But you want to know something? I am doing this now officially for about almost 2 years. Nobody has ever asked me “What qualifies you to advise me on my pet food? Why do you think your advise is correct when I ask you for alternatives to the vet prescribed food I am feeding my pet?”
Granted, consumers make assumptions. Just like when we visit a dealership to buy a car we assume that the sales person knows her/his product, or our banker advises us on how we should invest our savings. In my case pet owners just assume that I know what I am doing because I am in this business of selling pet food.
Now theoretically there is nothing wrong with that. After all, I do the same, I trust that the people I buy stuff from know what they are talking about and that I’m safe if I listen to their recommendations. Though, I have to say that I am a very skeptical person and it is not quite so easy for someone to convince me. Don’t give me the slightest indication that you maybe really do not know what you are talking about. In that case, trust me, you’re not going to make any progress with me and you’re fighting a lost battle.
So, coming back to my own “qualifications”, where do I get my information from? It’s simply studying, researching, reading, watching, listening and then start studying, researching, etc. all over again. Day in and day out. About at least 50% of my time at work is research. My typical work day is on average about 12 to 15 hours This is after deducting breaks for cooking (I love it and gotta make sure there’s a home cooked dinner on the table every night), eating (I like that too, because of course it’s the food I cooked myself), smoking (yep, after all, I am not that perfect and do have at least one bad habit), spending about 30 to 45 minutes with our 2 dogs and 5 cats (an obligation they take for granted now and will make sure that I don’t forget), watching the history and discovery channels (and from time to the 150th time my favorites The Godfather, James Bond and a few others), and finally even some little time with my wife (I’m sure she believes it’s not enough).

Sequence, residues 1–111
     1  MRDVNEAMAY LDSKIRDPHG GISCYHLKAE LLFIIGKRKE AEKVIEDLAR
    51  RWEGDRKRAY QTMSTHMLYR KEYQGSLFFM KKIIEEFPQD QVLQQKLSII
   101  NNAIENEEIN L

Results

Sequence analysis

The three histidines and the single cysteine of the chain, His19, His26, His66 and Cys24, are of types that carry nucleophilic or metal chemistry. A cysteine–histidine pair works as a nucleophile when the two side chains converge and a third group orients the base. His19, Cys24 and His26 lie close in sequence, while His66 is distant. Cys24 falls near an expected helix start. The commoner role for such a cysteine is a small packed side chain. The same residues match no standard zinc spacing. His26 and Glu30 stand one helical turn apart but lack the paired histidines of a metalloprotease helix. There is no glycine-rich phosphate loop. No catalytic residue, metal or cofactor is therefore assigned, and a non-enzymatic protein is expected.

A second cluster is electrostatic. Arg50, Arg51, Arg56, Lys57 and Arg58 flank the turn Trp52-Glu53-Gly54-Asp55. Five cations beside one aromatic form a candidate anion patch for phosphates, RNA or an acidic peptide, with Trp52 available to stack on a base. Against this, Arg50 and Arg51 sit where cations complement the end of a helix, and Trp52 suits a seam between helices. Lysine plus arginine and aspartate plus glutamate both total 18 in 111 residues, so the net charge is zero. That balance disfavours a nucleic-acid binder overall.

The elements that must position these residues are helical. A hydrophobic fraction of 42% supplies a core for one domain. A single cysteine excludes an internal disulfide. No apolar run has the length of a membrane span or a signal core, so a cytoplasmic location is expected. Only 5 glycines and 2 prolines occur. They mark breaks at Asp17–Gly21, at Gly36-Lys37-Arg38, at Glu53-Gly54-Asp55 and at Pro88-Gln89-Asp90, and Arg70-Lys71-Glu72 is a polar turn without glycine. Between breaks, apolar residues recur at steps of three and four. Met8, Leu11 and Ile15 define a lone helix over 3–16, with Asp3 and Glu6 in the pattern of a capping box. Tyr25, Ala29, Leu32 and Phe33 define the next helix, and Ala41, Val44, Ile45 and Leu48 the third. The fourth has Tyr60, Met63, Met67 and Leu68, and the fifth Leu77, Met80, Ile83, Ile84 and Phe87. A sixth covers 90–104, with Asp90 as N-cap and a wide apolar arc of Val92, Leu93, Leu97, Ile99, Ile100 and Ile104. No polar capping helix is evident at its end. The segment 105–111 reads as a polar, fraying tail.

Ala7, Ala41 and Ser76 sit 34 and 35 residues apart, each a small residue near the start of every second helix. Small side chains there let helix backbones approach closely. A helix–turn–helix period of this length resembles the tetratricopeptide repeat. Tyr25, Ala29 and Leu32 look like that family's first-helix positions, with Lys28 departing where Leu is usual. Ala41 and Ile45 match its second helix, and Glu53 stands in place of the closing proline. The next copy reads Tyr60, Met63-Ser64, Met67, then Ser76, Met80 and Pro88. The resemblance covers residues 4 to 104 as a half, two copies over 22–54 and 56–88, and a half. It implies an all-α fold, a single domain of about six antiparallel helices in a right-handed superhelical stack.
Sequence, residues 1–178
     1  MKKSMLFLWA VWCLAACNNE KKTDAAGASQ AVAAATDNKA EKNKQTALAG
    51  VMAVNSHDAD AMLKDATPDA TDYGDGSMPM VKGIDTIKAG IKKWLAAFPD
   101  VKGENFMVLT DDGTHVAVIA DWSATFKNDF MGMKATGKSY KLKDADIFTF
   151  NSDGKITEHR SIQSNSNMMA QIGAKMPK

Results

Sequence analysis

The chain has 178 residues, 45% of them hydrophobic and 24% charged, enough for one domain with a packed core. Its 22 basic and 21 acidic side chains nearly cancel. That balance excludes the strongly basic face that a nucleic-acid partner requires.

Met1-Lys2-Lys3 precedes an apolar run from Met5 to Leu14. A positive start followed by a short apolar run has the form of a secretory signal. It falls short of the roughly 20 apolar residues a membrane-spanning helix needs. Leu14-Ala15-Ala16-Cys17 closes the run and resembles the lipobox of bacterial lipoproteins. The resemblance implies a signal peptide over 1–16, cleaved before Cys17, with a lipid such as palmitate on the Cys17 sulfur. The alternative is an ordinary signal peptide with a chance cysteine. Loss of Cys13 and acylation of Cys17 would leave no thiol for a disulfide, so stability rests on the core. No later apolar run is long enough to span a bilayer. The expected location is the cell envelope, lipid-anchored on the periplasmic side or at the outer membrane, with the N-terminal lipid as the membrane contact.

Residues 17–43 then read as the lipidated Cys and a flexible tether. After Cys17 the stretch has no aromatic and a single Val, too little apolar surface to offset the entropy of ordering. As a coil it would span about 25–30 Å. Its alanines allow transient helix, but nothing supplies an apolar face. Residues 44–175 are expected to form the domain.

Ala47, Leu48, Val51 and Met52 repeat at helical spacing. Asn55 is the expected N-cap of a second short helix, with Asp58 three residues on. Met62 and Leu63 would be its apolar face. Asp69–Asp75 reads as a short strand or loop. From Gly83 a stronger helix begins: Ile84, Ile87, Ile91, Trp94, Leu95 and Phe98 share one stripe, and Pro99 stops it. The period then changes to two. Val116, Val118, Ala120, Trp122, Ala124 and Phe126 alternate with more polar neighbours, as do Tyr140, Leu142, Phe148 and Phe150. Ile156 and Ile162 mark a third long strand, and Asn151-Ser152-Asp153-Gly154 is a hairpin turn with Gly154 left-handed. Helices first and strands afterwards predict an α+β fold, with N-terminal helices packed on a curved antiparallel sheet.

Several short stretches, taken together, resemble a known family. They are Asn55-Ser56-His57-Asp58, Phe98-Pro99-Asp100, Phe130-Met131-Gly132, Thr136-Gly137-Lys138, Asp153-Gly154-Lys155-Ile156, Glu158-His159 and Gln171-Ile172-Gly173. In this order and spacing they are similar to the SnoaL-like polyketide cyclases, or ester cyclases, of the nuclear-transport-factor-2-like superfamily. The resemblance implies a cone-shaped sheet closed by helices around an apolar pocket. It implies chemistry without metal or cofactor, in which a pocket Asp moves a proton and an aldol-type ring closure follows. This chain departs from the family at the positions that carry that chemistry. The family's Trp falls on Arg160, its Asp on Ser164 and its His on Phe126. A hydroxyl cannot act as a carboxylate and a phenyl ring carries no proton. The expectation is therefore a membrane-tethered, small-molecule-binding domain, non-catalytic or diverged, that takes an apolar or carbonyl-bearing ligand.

So when I do my research, I come up with a lot of information. The world these days has become so easy, the Internet took away any boundaries we may have had in the past. No more running to the bookstore, spending money on books or if not spending money reading the books right there and pretending I may buy it. No library visits, no endless inquiries with qualified resources. It’s all here at my fingertips on my desktop (and if I get lucky on X-Mas this year maybe Santa turns that desktop into a fancy laptop, you know, one of these new fancy awesome, superfast wireless ones). So much of it, that I will never have the time to study it all. But I am going to put it to use and make something out of it, something what will benefit anybody who is just interested in pet nutrition. I have to be careful though. One has to figure out, which of the information available to us is qualified, i.e. sort of scientifically proven and backed, and what is less qualified and even garbage. Like for example, the other day I was on a forum where the participants were discussing raw bones for their dogs. The discussion was sort of ok, but it really blew my mind when one participant stated that she “heard that Nylabones are good for pets”. Now that’s not the kind of information I want to pass on to the world. It made me laugh though, I just couldn’t help it.
What I want to pass on however is more like for example what I found in the American Journal of Veterinary Research. There in one issue it says: ”Effects of a high protein diet on mineral metabolism and struvite activity product in clinically normal cats: …high protein diets have the potential ability to increase solubility of struvite crystals.” The Veterinary Times in 2004 confirmed, that “cats need at least 50% of the diet to be protein and less than 5% should be carbohydrate, but pet food contains nothing like these levels and may contain up to 50% carbohydrates and far too little protein. Additionally this protein is heat processed, thereby has nothing like the same bio-availability that raw food has. Therefore the lack of protein in pet food is an important factor in causing life threatening struvite in cats.” The VT even mentions a couple brands known from the mass marketer shelves and some (surprise!?) vet waiting room displays.